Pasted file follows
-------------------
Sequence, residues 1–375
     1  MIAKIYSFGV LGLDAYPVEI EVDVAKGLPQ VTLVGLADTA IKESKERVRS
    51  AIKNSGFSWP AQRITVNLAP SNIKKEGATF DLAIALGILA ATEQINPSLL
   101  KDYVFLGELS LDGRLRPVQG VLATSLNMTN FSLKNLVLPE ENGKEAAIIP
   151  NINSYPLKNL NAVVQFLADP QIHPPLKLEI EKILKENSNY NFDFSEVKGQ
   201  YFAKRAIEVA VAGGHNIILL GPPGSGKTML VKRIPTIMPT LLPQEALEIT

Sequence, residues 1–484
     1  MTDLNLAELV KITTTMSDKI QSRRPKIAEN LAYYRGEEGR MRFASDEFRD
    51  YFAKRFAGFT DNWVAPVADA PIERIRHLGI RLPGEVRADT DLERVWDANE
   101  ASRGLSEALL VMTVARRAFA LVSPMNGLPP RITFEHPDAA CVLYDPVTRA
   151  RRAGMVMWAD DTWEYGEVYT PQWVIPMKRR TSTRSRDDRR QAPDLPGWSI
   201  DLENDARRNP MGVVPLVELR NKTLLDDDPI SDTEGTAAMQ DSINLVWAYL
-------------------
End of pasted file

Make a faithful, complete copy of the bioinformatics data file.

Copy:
Sequence, residues 1–375
     1  MIAKIYSFGV LGLDAYPVEI EVDVAKGLPQ VTLVGLADTA IKESKERVRS
    51  AIKNSGFSWP AQRITVNLAP SNIKKEGATF DLAIALGILA ATEQINPSLL
   101  KDYVFLGELS LDGRLRPVQG VLATSLNMTN FSLKNLVLPE ENGKEAAIIP
   151  NINSYPLKNL NAVVQFLADP QIHPPLKLEI EKILKENSNY NFDFSEVKGQ
   201  YFAKRAIEVA VAGGHNIILL GPPGSGKTML VKRIPTIMPT LLPQEALEIT

Sequence, residues 1–484
     1  MTDLNLAELV KITTTMSDKI QSRRPKIAEN LAYYRGEEGR MRFASDEFRD
    51  YFAKRFAGFT DNWVAPVADA PIERIRHLGI RLPGEVRADT DLERVWDANE
   101  ASRGLSEALL VMTVARRAFA LVSPMNGLPP RITFEHPDAA CVLYDPVTRA
   151  RRAGMVMWAD DTWEYGEVYT PQWVIPMKRR TSTRSRDDRR QAPDLPGWSI
   201  DLENDARRNP MGVVPLVELR NKTLLDDDPI SDTEGTAAMQ DSINLVWAYL